If you have a degree, you can train through a postgraduate teacher training course. There are 2 main routes: school-led and university-led. Both provide you with the practical skills and knowledge needed for teaching, but are delivered differently.
If you don’t have a degree, you can qualify by taking a course that awards qualified teacher status (QTS).
Most teaching jobs are in state schools and academies, but you could also work in independent schools, pupil referral units and hospitals. You could also register with an agency to provide supply cover for other teachers.
You’ll teach subjects in the primary national curriculum at key stage 1 (ages 5 to 7) and key stage 2 (ages 7 to 11). Subjects include English, maths, science, music and art.
With experience you could develop a specialism in a particular subject like computing or art and design.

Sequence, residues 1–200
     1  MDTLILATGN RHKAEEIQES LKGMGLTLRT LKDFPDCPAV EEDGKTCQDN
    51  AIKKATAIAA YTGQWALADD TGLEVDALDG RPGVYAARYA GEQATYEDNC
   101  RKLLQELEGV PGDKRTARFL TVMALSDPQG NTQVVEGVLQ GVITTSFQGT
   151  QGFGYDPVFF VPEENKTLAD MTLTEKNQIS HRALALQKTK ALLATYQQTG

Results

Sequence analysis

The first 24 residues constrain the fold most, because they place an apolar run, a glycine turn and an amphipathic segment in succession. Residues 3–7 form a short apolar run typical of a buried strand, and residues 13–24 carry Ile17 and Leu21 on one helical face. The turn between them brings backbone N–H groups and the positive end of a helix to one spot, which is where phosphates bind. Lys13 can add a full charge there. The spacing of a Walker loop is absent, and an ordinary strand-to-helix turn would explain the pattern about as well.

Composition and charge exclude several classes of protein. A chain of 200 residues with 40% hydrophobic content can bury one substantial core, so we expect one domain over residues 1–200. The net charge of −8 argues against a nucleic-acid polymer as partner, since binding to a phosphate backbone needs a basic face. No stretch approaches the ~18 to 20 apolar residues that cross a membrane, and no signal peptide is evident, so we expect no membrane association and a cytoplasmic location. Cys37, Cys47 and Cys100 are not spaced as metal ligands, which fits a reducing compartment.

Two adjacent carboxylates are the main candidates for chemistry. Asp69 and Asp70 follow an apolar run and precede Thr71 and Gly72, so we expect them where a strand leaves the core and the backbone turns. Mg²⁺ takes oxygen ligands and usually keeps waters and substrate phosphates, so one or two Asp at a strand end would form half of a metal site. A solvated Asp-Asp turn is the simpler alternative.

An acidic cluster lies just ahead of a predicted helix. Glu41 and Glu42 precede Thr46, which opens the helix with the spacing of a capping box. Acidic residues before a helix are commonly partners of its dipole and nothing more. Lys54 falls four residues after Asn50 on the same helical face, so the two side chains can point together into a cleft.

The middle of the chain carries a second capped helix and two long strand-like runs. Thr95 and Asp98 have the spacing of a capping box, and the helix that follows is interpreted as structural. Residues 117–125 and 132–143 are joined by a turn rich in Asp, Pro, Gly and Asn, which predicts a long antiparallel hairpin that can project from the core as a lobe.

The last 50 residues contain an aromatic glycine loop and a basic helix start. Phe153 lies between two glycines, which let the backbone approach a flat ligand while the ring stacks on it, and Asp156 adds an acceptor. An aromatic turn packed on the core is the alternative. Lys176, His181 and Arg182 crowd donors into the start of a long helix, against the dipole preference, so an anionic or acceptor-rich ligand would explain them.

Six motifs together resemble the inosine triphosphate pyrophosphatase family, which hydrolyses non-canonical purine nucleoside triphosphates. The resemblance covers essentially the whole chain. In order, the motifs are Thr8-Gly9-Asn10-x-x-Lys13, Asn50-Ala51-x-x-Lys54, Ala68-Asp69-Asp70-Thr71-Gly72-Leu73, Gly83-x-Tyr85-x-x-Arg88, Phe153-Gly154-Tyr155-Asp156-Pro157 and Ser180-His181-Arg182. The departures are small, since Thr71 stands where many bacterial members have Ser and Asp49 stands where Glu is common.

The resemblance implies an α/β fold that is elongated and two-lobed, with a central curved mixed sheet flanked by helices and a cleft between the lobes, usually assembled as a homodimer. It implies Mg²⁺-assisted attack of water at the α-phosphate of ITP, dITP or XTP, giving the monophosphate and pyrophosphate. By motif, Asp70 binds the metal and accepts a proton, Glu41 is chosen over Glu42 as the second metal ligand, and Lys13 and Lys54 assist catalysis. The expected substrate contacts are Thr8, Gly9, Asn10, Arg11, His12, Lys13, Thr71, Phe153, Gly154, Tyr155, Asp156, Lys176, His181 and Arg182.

Your day-to-day tasks may include:
You may also work with under 5s in a children’s centre or a reception class in a primary school.
Starter: £22,917 to £33,824, increasing to £39,006 in inner London
Experienced: £35,927 to £38,633, increasing to £47,298 in inner London
Highly Experienced: £39,374 to £59,857, increasing to £67,305 in inner London
Your salary will depend on many factors including location, responsibilities, seniority and class size.
These figures are a guide.
You’ll usually work 37 hours a week for 39 weeks a year, split over 3 school terms. You’ll spend additional time planning lessons, marking work and taking part in activities like parents’ evenings and outings.
You could specialise in teaching pupils with special educational needs or move into pastoral care. With experience, you could become a specialist leader of education (SLE) supporting teachers in other schools.
You could also progress to curriculum leader, deputy head and head teacher, or become a private tutor.